Grafting is a form of propagating new fruit trees using buds or twigs – the ‘scion wood’ from an existing tree and fusing it onto a branch or stem of another tree – ‘the rootstock’, which is selected for size, suitability to site and tolerance of certain soil conditions.
Once you have got the hang of it, you can look forward to getting new trees for a fraction of what you would pay down at the nursery.
Grafting produces clones of known fruit varieties. This technique is thousands of years old and is the only way to guarantee that the fruit grown on a new tree is the variety we want. Simply planting the seeds of our favourite fruit will produce new varieties with unknown qualities.
There are two main techniques for grafting fruit trees – whip grafting, where a short piece of scion wood is attached to the rootstock in late winter/early spring, producing a single stem one-year old tree by the following summer. Bud grafting occurs where a single bud is attached to an actively growing rootstock in the summer time. Whip grafting allows the tree to develop more quickly because it uses a larger piece of the scion wood, however, bud grafting produces a straighter tree and a stronger union.
Whip grafting is often done inside with dormant rootstock dug out of the ground. This is called bench-grafting. An alternative method, used where there is sufficient land available is field grafting, where the rootstock is left undisturbed in the ground and the grafting is done there and then.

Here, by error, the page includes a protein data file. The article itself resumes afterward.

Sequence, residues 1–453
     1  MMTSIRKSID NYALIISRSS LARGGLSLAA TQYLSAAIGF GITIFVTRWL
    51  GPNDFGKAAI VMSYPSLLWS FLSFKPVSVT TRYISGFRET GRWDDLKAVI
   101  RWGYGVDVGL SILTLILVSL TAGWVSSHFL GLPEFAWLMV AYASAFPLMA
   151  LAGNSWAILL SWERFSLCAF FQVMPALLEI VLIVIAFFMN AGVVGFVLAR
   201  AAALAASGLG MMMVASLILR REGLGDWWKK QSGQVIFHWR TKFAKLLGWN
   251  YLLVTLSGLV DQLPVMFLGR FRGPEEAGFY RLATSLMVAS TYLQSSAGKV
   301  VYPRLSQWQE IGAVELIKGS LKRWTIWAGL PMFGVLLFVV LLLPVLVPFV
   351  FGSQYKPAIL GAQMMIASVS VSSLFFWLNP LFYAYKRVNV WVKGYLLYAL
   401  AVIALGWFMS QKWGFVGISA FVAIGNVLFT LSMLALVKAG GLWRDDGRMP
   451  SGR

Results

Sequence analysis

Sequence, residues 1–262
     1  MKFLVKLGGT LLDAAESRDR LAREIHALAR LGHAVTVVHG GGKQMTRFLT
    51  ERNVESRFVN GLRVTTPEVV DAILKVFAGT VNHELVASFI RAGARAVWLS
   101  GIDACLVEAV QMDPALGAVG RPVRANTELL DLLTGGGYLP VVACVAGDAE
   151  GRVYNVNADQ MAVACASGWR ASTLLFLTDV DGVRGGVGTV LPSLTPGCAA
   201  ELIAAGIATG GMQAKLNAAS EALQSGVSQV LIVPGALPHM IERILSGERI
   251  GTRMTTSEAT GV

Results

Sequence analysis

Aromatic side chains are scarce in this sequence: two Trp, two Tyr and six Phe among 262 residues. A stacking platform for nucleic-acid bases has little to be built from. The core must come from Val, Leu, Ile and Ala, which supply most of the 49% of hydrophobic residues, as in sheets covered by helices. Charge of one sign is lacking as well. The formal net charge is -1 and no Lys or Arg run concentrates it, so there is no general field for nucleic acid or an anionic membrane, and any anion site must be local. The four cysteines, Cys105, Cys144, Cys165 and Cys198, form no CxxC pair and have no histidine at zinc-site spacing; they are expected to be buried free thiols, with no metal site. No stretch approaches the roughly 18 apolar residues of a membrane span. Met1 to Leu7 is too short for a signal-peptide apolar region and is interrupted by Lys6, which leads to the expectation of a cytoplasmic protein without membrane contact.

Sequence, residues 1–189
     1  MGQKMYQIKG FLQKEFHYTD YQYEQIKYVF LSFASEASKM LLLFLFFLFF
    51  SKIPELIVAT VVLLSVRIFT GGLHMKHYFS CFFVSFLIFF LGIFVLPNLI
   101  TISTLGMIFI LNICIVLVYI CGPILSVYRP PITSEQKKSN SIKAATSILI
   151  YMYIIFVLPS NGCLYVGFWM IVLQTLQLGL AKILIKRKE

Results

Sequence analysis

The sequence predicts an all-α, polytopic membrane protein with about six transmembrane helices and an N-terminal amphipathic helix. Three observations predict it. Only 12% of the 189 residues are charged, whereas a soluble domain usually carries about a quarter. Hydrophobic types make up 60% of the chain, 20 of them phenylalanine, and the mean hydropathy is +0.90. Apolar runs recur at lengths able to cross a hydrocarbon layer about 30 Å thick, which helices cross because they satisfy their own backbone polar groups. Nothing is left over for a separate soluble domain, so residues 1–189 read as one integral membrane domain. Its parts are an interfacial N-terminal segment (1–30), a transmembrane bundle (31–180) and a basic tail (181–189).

Selecting Scion Wood
Choose a healthy tree if possible, use well ripened, mature green wood from the outside/sunny side of the tree (interior wood may be ‘etiolated’ – pale and weaker).
Cut a 7.5-10cm whip with three buds present:
- Stock bud: just behind the grafting cut, helps with callusing
- Top bud: to form the shoot
- Middle bud: back-up if the top bud fails
Attaching the Scion to the Rootstock
Cut back the rootstock to between 15-30cm – too low a graft union invites pathogen risk from splash back from the soil. Too high, especially on dwarfing rootstock can make for a weak union.
The ends of each joining piece should be cut in matching clean elliptical slices so that when joined together, as much of the cambium layer (the part of the wood between the outer bark and the woody bit) as possible is touching. This may take some practice!
Leave a small ‘church window’ of internal scion wood sticking over the top of the rootstock wood to help with callusing.
Putting horticultural wax on the open cuts will help prevent water loss.
This technique is demonstrated in the video above.
For bud grafting, look for a plump, healthy looking bud from the outside/sunny side of the tree that is not dry and shrivelled or with obvious damage to create your scion.
Using a grafting knife, cut a small slit into the bark ½ an inch underneath the bud and slowly pull the knife upwards taking in the cambium layer and outer bark without cutting into the heartwood, or inner part of the branch. End the slice ½ an inch above the bud, so it comes away neatly.
Cut a 1 inch vertical slit into the branch where the bud will be placed, cutting only into the bark layer. At the top of this incision, cut a cross-wise slit, creating a T-shape.
Then, gently lifting the corners where they meet, slide in the scion bud with the growing tip pointing upwards, ensuring that the cambium layers on each are touching.
Wrap the join in grafting tape to keep dry and in the following spring prune off the tip of the branch as soon as the grafted bud begins to grow.